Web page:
Writers need to surround themselves with people who “get” them. That’s one of the great things about the Oklahoma Writers Federation Inc.  Conference. Writers can meet likeminded individuals who understand what it means to spend hours in your head working out the dialogue to a love scene or devising the perfect way to kill your main character’s abusive boyfriend and disposing of his body.

smsistersSeptMama was right—she always is—I needed the Sisters. One e-mail was all it took. Within minutes, messages of encouragement filled my inbox and our next meeting time was arranged. Over wine and pizza, the girls listened to my tales of woe. After a few minutes of commiseration, all their patience seeped from their bodies and they went into fierce-encouragement mode. It is impossible to ignore, four, strong, intelligent, talented women staring you down and doling out nuggets of wisdom.

I’ll spare you the tears and snark and sum up their advice. It’s nothing new, but something I need to hear on a regular basis. Bottom line: Making your writing a priority is the only way you’re going to be a successful writer. Sure, life gets in the way, but you must always make time for your writing. It’s your job. It’s your outlet. It’s your reason for being on this planet. So, WRITE!


Comments on: "When Life Gets in the Way" (16)

  1. Claire, Thanks for the totally inspiring words for EVERYONE – writer or not – who needs to get back on track and focus on their life’s journey. The demons of mundane life tap-tap-tap on our windows trying to distract us from what we really love to do, and the other important details, like family, food, and shelter, need their time too. But friends help us refocus on our priorities and give us the strength to push through the underbrush. May every writer find those kindred souls who cheer, prod, and kick us in the butt now and then. Then, the sky’s the limit!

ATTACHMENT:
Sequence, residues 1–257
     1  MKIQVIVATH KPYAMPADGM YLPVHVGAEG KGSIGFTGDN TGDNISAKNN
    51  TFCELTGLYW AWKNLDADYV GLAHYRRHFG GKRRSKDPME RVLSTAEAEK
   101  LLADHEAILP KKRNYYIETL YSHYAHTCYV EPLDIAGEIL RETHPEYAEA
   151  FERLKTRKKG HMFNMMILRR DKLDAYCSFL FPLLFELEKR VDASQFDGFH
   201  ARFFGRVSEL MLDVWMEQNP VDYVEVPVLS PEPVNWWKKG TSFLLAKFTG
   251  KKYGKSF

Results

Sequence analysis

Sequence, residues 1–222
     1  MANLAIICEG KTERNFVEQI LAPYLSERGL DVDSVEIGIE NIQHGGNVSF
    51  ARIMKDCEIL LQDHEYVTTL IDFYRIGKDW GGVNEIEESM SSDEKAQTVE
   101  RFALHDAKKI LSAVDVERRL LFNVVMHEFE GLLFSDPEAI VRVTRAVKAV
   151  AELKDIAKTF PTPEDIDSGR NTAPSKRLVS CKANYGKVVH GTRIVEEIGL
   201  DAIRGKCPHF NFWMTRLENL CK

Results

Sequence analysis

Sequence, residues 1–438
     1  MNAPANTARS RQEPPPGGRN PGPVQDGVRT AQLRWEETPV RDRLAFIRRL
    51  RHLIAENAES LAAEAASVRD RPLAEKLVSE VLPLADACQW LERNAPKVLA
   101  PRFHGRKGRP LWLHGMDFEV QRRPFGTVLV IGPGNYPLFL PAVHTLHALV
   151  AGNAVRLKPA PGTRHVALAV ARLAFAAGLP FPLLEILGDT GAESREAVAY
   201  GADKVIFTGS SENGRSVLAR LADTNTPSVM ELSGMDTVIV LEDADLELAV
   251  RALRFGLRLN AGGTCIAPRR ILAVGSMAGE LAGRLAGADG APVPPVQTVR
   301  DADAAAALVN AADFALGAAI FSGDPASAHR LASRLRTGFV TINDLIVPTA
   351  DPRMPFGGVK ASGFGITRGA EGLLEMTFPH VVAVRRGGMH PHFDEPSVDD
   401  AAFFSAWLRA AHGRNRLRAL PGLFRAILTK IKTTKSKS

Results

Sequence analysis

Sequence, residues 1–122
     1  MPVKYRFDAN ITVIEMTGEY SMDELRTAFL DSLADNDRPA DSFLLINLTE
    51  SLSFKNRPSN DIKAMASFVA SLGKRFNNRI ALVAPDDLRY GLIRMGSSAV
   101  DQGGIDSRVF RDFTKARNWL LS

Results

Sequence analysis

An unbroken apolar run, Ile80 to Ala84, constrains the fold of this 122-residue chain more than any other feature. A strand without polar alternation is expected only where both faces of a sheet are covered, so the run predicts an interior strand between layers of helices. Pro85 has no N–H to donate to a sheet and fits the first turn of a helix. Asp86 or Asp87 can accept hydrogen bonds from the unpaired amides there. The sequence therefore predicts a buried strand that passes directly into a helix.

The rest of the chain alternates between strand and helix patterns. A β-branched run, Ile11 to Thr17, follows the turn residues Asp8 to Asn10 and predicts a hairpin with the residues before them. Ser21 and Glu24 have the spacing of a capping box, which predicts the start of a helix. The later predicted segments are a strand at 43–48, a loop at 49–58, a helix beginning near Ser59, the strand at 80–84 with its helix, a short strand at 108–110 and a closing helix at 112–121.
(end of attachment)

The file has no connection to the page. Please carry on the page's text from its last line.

• Thanks, Kim! You’re right. Good friends can help a person through anything. I’m very fortunate to have so many people in my life who cheer, prod and kick me in the backside.

  2. Grin .. I’m not a writer but, have you considered that farm, family and live experiences are all telling you ‘you destiny’ lies in a different direction? I considered myself an above average designer and builder of ornamental, one of a kind iron works. But then .. I remembered why I returned to country life. It’s because that’s where my happy place is!!!
    Good luck
    Merry Christmas and Happy New Year

    • Pobept, goodness, it never occurred to me that I should rethink my destiny. How interesting. I do have agree that country life is definitely where I’m happiest. Thanks 😉

  3. Claire, as always, you write what’s necessary. I’d try to say the same thing but mine would run more toward “when you’re up to your a$$ in alligators, it’s hard to remind yourself that your original intent was to drain the swamp.” Somehow, your words are more . . . um . . . soft and gentle. 🙂

  4. I love this! It strikes such a chord not only with us “writer” folks but anyone de-railed when life happens. And God bless those who “get us.” I have a similar group of chosen-sisters, and treasure them. Thanks for the inspiration.

    • Thanks, Amy! I have to say that I’ve always been amazed and impressed by the willingness of writers to help other writers. It’s a huge community of kindred spirits and I’m glad I finally found where I belong and fit in. Thanks again!

  5. I love this! And I love you! I am amazed at how you “handle” it all, give of yourself constantly, and yet you write. You are the perfect example of NO EXCUSES. 😉

  6. Hey there–been thinking of you a lot lately, especially during my Barrow visit. Give a call sometime (after your daily caffeine and writing!) and let’s catch up. I finish classes midweek next week and turn in grades next Thursday. FREEDOm for a few weeks. And…I am hoping that I will have an actual spring break next semester. Guess where I’ll be heading if I do? Barrow folks miss you and send their best and their love.

    • Ruby Blue, if you go to AK for spring break, I’m going with you!! Miss you terribly. I’ll give you a call soon. There’s so much to catch up on. Hugs!

  7. Your comments were well recieved on The Pulp Factory yahoo group. It was very inspirational for many of the writers there. Keep up the great work and I hope to have you back on The Book Cave soon to chat about your next novel.

  8. […] When Life Gets In the Way boy, I can relate to this! Lovely post most of us can relate to […]